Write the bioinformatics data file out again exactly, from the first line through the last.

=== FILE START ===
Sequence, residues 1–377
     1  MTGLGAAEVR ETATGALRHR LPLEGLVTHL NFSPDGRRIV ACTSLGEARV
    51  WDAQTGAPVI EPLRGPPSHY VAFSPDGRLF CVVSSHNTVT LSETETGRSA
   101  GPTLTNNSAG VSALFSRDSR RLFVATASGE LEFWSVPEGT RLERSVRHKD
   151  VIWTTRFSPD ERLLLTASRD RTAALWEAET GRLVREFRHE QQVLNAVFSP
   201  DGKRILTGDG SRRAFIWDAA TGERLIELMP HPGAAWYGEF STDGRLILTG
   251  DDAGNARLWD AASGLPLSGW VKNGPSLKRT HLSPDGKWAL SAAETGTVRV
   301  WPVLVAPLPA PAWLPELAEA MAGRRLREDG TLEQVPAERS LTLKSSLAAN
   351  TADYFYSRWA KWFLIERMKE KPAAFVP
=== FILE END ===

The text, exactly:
Sequence, residues 1–377
     1  MTGLGAAEVR ETATGALRHR LPLEGLVTHL NFSPDGRRIV ACTSLGEARV
    51  WDAQTGAPVI EPLRGPPSHY VAFSPDGRLF CVVSSHNTVT LSETETGRSA
   101  GPTLTNNSAG VSALFSRDSR RLFVATASGE LEFWSVPEGT RLERSVRHKD
   151  VIWTTRFSPD ERLLLTASRD RTAALWEAET GRLVREFRHE QQVLNAVFSP
   201  DGKRILTGDG SRRAFIWDAA TGERLIELMP HPGAAWYGEF STDGRLILTG
   251  DDAGNARLWD AASGLPLSGW VKNGPSLKRT HLSPDGKWAL SAAETGTVRV
   301  WPVLVAPLPA PAWLPELAEA MAGRRLREDG TLEQVPAERS LTLKSSLAAN
   351  TADYFYSRWA KWFLIERMKE KPAAFVP